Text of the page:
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Diebold Vote Machine Key Copied From Online Photo

Princeton University Computer Scientists Confirm 'Secret' Key For Every Diebold Voting Machine 'Revealed' on Company Website!

UPDATE: Shutting the Barn Door After the Horse Has Left, Diebold Removes Photo,
PLUS: Receives Certification for U.S. Homeland Security Contracts...

BLOGGED BY Brad Friedman ON 1/24/2007 6:05AM

Good lord in heaven. How dumb are these guys at Diebold?! Can you believe the United States has actually entrusted them to build a security system for the original U.S. Constitution, the Declaration of Independence and the Bill of Rights?!

After everything else. Now comes this.

It was revealed in the course of last summer's landmark virus hack of a Diebold touch-screen voting system at Princeton University that, incredibly, the company uses the same key to open every machine. It's also an easy key to buy at any office supply store since it's used for filing cabinets and hotel mini-bars! That is, if you're not a poll worker who already has one from the last time you worked on an election (anybody listening down there in San Diego?)

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The Princeton Diebold Virus Hack, if you've been living in a cave, found that a single person with 60 seconds of unsupervised access to the system who either picked the lock (easy in 10 seconds) or had a key, could slip a vote-swapping virus onto a single machine which could then undetectably affect every other machine in the county to steal an entire election.

But the folks at Princeton who discovered the hack (after our own organization,, gave them the Diebold touch-screen machine on which to perform their tests) had resisted showing exactly what the key looked like in order to hold on to some semblance of security for Diebold's Disposable Touch-Screen Voting Systems.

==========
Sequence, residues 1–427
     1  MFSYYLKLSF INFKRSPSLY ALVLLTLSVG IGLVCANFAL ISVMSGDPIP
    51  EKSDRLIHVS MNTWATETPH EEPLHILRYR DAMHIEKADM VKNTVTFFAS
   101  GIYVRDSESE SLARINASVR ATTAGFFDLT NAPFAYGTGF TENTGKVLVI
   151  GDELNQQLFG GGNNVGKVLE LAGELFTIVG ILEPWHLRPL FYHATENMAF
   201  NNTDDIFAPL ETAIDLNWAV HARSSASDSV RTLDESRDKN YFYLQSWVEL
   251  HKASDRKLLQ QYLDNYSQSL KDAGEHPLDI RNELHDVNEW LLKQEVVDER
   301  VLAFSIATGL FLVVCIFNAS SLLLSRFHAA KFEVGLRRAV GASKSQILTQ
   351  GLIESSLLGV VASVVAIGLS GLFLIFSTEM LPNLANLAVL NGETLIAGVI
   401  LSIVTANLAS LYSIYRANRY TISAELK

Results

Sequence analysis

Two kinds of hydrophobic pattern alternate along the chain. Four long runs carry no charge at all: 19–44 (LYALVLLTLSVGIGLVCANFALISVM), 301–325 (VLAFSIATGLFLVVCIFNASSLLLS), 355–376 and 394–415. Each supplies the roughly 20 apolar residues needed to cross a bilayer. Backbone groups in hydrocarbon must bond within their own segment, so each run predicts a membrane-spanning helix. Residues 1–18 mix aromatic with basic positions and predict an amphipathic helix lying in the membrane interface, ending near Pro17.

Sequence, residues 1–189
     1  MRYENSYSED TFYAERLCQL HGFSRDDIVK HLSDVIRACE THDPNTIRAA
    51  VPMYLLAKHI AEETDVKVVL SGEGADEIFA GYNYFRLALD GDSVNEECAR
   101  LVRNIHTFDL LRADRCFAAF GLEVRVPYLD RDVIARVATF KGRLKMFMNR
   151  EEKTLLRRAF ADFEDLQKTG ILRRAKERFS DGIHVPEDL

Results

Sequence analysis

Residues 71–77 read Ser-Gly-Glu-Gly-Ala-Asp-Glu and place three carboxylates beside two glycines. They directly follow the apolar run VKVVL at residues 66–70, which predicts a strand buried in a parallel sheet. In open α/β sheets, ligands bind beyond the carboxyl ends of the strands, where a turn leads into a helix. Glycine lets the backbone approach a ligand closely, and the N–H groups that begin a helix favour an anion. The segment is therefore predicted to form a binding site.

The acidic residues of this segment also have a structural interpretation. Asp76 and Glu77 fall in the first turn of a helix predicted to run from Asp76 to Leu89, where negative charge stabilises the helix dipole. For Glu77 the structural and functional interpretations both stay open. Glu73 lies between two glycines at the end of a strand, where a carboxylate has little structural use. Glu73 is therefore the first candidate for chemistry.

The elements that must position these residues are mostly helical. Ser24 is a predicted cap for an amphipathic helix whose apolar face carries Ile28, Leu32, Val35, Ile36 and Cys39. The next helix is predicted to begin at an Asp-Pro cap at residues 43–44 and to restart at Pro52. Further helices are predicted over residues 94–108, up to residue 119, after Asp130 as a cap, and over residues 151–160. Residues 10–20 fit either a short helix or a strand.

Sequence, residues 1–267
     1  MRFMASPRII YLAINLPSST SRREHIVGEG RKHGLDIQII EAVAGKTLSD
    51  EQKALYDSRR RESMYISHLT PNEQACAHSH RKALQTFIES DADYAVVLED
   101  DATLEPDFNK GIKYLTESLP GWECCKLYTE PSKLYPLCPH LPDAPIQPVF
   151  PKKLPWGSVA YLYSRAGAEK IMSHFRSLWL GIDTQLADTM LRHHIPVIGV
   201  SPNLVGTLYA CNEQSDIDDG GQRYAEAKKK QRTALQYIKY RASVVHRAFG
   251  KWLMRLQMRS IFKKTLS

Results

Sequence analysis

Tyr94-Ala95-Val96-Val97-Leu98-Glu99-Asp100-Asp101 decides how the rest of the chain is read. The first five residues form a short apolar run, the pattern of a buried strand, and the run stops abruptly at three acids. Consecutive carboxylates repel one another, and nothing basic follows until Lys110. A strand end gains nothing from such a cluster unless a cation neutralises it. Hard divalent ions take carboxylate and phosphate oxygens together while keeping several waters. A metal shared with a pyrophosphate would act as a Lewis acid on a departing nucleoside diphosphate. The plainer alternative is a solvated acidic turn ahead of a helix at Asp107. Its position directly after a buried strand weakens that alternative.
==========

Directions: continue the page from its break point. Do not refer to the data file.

But guess what? Diebold didn't bother to even have that much common sense.

This idiotic company has had a photograph of the stupid key sitting on their own website's online store! (Screenshot at end of this article.)

Of course, they'll only sell such keys to "Diebold account holders" apparently --- or so they claim --- but that's hardly a problem. J. Alex Halderman, one of the folks who worked on the Princeton Hack, but who had tried to keep the design of the key a secret for obvious reasons, revealed Tuesday that a friend of his had found the photo of the key on Diebold's website and discovered that it was all he needed to create a working copy!

Halderman writes:

The shape of a key is like a password — it only provides security if you keep it secret from the bad guys.
Could an attacker create a working key from the [Diebold website] photograph? Ross [Kinard of SploitCast] decided to find out. Here’s what he did:

I bought three blank keys from Ace. Then a drill vise and three cabinet locks that used a different type of key from Lowes. I hoped that the spacing and depths on the cabinet locks’ keys would be similar to those on the voting machine key. With some files I had I then made three keys to look like the key in the picture.

Ross sent me his three homemade keys, and, amazingly, two of them can open the locks on the Diebold machine we used in our study!